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When they came into us, they had just retired and both started social security. They already had an annuity product that was out there that was going to provide them a little bit of guaranteed income on top of their social security checks. On top of that they were going to have to pull out an additional $55,000 a year off of approximately $1.1 million. If you do that math, it\’s about 5% each and every year. The previous advisor that he had been sitting down with, had ran all the assumptions out over the next 25 years, with the assumption that they are going to receive 8% growth in the market for the rest of their life. For us, that\’s financial malpractice.

He said, “Without a correction.” I said, “I need to see that.” I can make any picture look good, that things are going to be rosy and you can go to Antarctica every other month on the Nat Geo cruise, but it wasn\’t reality. A lot of times when we\’re sitting down with people and taking them through the stress analysis, we show them one correction in retirement and it can derail things pretty quickly. They felt life was good because that\’s all they had heard previously.

I shared that one picture with them and I saw two different reactions. She felt like the sword of Damocles was swinging over her. He\’s like, “Can you please tell her we\’re okay but we need to make some changes.” Which exactly what the situation was because they were very aggressive in everything that they had done. We share a lot of times with people, the risk is for people who don\’t have what you have. It\’s your job to simply make sure you don\’t lose.

The point in the story too is one little change. David started the program with good bullet points in a lot of conversation from that article on Bloomberg News, one unforeseeable change and the picture that you thought you created all of a sudden is not the picture of reality whenever that occurred.

They even made the comment in 2007, 2008, I didn\’t change anything. In fact, I was putting more money in when the market was down so it came back even faster and he\’s like, “I get it. I\’m not backfilling anymore.” What was good about them is that they were younger and retired. He was retired and work part-time and that was a big deal because in their mind, when we had met, they had just transitioned. He was traveling all over the world. He\’s like, “It\’s time to take a step back and enjoy the kids and the grandkids.” They didn\’t have any adult children that they were necessarily worrying about. What they were all about is spoiling the grandkids, traveling and seeing them more. What happened was that when they started taking their social security, they were losing about half their income.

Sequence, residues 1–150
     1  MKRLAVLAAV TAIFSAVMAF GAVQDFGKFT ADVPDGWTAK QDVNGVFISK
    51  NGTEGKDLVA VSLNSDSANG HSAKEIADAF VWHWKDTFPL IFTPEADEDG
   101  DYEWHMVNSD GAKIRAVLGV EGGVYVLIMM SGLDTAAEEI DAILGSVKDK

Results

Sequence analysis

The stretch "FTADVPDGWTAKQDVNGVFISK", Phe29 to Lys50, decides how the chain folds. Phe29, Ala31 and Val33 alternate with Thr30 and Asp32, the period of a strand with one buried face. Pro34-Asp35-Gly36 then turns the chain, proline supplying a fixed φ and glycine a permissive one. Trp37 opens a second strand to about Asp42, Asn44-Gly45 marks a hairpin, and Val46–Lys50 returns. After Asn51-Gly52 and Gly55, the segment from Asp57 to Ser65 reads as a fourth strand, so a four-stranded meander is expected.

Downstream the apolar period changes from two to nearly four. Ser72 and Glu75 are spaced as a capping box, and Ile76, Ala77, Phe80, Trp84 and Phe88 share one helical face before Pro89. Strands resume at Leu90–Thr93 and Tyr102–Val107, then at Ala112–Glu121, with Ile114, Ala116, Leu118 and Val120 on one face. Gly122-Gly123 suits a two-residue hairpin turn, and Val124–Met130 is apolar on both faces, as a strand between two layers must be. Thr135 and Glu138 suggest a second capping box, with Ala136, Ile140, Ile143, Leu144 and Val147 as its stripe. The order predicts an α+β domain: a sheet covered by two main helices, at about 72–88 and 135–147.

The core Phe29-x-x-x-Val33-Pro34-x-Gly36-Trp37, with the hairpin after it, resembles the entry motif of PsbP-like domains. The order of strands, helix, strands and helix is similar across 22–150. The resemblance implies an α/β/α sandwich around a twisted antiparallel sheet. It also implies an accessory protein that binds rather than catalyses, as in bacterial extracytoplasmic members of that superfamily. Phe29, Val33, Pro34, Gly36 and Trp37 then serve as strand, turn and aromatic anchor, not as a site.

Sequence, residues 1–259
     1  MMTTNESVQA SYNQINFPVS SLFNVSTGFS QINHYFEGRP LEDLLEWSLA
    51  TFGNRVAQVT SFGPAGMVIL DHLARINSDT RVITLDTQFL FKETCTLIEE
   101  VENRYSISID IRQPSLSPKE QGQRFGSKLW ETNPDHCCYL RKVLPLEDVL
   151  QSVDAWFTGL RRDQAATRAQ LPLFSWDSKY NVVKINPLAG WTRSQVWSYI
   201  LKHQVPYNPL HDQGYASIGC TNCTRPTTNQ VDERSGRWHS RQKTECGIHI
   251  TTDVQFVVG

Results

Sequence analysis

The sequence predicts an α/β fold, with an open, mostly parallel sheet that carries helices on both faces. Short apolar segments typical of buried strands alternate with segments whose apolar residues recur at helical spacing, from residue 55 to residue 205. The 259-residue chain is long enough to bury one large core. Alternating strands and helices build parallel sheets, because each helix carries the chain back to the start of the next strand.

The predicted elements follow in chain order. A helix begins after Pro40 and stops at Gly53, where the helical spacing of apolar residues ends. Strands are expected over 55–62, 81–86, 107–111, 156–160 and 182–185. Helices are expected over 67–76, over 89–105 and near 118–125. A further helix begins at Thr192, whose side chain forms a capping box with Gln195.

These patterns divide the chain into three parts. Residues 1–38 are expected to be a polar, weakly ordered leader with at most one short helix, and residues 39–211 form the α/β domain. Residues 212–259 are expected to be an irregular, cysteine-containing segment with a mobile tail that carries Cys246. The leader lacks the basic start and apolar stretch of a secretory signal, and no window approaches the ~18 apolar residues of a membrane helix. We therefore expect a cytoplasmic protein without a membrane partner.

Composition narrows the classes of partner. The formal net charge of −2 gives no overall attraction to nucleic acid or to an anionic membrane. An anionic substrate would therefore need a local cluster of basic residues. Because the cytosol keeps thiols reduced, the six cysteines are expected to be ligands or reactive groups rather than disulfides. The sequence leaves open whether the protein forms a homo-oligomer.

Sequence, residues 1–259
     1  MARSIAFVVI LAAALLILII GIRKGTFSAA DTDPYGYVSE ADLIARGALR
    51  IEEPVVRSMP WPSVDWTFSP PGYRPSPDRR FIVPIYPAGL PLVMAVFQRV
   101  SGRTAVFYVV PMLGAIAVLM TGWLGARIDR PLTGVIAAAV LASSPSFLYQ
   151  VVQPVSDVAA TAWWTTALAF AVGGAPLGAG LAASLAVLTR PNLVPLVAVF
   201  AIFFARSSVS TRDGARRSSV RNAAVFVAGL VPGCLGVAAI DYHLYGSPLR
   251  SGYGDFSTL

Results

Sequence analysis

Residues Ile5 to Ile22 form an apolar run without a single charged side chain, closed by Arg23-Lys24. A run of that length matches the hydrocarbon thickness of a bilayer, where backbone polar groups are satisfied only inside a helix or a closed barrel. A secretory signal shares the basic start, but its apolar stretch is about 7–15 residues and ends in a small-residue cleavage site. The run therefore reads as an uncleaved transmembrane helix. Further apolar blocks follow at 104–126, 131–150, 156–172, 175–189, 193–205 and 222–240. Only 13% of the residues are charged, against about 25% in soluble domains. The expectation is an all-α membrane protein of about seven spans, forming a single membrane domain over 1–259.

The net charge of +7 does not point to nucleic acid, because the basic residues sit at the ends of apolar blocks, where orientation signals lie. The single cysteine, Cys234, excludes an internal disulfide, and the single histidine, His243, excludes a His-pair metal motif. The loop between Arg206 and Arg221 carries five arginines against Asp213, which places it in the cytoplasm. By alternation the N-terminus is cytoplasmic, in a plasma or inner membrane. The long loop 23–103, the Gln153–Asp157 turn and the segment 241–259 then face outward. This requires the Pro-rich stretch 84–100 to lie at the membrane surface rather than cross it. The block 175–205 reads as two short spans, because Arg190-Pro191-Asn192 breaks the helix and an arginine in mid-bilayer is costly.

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He was at about $110,000 a year gross and he was going to be getting a little $1,000 a week, so $52,000 a year working part-time. He said, “I love it because they\’re giving me the ability to work from home.” As long as I have an internet connection, I can be anywhere and everywhere. That\’s where we talked about not considering a phased retirement, we should be thinking about a phased retirement. A lot of people are always thinking about what they\’re retiring from, not what they\’re retiring to. That’s like, “This is what life is cracked up to be.” It\’s like, “What changes can I make?” Where we find a lot of people to go back and consult. They\’ll go back and umpire at the baseball field, referee at the basketball courts, if you will. It\’s figuring it out. It\’s so important to think about what we\’re retiring from but spend a little bit of time and talking about what we’re retiring to

Set phased retirement and bringing a little bit of part-time income helps. What we had figured out, you’ve got to do that for four years instead of the two years initially. They had some taxable income that was going to show up on the tax return and that allowed us to be a little bit strategic, not have to stress their assets and reposition them to make a little bit more conservative. It’s the importance of talking about those first two items, not considering that phased retirement, along with having those multiple income streams. Think about that, we have a couple aged, 65, 50% chance one of them makes it to the age of 95, we\’re talking about retirement before the age of 65.